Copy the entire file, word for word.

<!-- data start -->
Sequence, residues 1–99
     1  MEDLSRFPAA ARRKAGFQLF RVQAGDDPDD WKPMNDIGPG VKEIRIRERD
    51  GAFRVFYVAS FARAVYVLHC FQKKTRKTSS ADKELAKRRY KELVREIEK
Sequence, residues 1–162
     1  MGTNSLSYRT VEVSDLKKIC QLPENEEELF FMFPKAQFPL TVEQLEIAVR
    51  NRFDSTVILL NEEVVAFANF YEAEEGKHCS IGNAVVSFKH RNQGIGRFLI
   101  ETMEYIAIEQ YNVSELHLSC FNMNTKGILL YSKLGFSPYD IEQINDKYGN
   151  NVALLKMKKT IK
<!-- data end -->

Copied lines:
Sequence, residues 1–99
     1  MEDLSRFPAA ARRKAGFQLF RVQAGDDPDD WKPMNDIGPG VKEIRIRERD
    51  GAFRVFYVAS FARAVYVLHC FQKKTRKTSS ADKELAKRRY KELVREIEK
Sequence, residues 1–162
     1  MGTNSLSYRT VEVSDLKKIC QLPENEEELF FMFPKAQFPL TVEQLEIAVR
    51  NRFDSTVILL NEEVVAFANF YEAEEGKHCS IGNAVVSFKH RNQGIGRFLI
   101  ETMEYIAIEQ YNVSELHLSC FNMNTKGILL YSKLGFSPYD IEQINDKYGN
   151  NVALLKMKKT IK